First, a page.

An HBO documentary profiling the most commercially successful director in history, “Spielberg” is an entertaining walk through the ubiquitous filmmaker’s life, artistic origins and lengthy filmography.

The film features behind-the-scenes footage, film clips and Hollywood interviews, but even more impressive is how the documentary comes to embody so many of the director’s cinematic trademarks.

Steven Spielberg is as charismatic as any of his leads, and the film has great editing, shaping a documentary into Hollywood form, layered with well-placed scenes from Spielberg films of every decade to keep things from getting slow. The film features some of Hollywood’s biggest actors, from Daniel Day-Lewis and Daniel Craig to Richard Dreyfuss and Sally Field, but many of the most memorable interviews come from his family members.

Like the director, they’re as well-spoken as any industry veteran, and the film cuts cleverly between interviews and scenes, showcasing just how much his family’s story influences his work.

The process and stories behind “Schindler’s List,” however, still make for the most powerful part of the film.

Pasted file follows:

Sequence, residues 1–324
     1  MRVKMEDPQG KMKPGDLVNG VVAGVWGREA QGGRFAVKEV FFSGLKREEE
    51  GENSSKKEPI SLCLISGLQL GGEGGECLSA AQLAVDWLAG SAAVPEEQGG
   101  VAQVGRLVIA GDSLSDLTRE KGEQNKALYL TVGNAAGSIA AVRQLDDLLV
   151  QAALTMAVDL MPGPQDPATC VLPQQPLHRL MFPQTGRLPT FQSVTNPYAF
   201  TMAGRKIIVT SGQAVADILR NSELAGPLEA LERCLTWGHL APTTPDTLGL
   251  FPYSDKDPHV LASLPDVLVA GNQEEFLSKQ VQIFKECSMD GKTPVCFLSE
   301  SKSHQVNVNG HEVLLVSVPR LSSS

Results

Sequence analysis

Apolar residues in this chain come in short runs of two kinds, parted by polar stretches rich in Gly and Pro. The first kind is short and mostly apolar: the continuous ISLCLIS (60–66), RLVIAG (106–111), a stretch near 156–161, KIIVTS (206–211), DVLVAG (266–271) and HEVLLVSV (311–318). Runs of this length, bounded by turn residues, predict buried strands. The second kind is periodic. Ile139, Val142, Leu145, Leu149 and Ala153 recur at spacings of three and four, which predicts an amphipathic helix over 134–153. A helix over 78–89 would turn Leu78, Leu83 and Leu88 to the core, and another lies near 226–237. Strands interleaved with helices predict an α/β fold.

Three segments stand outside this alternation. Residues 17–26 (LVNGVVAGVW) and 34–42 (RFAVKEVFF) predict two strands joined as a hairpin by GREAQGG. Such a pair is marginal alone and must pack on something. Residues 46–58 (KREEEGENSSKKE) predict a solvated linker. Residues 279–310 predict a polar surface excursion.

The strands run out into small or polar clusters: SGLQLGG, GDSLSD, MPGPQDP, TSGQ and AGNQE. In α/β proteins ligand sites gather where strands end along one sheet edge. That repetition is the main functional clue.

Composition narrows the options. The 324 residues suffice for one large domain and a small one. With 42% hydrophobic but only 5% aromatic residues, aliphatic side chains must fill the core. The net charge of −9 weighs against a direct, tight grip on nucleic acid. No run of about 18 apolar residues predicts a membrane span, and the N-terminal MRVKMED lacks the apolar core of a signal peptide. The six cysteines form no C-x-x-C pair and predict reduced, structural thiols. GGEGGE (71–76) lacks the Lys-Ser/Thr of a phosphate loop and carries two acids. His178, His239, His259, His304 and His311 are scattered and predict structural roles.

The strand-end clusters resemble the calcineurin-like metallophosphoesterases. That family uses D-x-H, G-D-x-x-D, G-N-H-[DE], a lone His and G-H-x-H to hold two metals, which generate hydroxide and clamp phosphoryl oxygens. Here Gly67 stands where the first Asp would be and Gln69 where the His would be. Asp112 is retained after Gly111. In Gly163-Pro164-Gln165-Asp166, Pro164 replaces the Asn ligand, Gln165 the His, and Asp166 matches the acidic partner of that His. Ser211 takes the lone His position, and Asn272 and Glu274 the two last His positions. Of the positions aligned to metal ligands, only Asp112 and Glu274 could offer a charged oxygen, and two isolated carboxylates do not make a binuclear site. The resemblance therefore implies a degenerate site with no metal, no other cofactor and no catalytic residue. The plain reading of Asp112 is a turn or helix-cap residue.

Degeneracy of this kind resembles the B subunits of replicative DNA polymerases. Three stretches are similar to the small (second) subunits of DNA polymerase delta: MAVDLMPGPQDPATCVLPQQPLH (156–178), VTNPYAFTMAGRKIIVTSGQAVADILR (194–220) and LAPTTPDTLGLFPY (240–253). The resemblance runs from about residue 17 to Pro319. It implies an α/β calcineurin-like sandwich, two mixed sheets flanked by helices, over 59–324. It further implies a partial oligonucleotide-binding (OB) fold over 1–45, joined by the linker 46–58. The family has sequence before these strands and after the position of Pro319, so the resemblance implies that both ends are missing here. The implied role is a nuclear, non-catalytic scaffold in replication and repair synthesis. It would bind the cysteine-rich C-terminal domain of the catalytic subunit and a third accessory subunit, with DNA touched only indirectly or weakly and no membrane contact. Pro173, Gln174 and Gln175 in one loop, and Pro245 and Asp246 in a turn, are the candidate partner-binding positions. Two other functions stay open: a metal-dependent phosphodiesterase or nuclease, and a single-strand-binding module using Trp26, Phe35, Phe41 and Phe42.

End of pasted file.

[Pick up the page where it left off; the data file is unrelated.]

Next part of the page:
This section showcases incredible behind-the-scenes shots and powerful commentary, made more personal by Spielberg’s stories of neighborhood anti-Semitism and internalized guilt in prior interviews.

The documentary places “Schindler’s List” as a turning point for Spielberg as an artist and as a Jew, laying its many messages out beautifully. Other chapters focusing on his more serious fare, such as “Saving Private Ryan” and “Munich,” prove similarly riveting.

Highlights also include Spielberg’s early years, packed with visuals of a young, obsessive version of the director hanging out among friends who would also rise to meteoric heights. Martin Scorsese, George Lucas and more share their thoughts on the early Spielberg and, even better, stories of a generation coming of age artistically in Los Angeles.

“Spielberg” should please any fan of his work and serve as an effective greatest-hits compilation for anyone unfamiliar. Those who aren’t fans probably won’t come away changed, with the most critical takes coming from Spielberg himself, but the film still serves as a solid, well-edited documentary with interesting commentary on family, faith and filmmaking.

(Atlanta Jewish Film Festival screenings: Jan. 29, 7 p.m., Perimeter Pointe; Jan. 30, 3:20 p.m., Atlantic Station; Feb. 12, 7 p.m., Springs; Feb. 14, 3:10 p.m., Tara)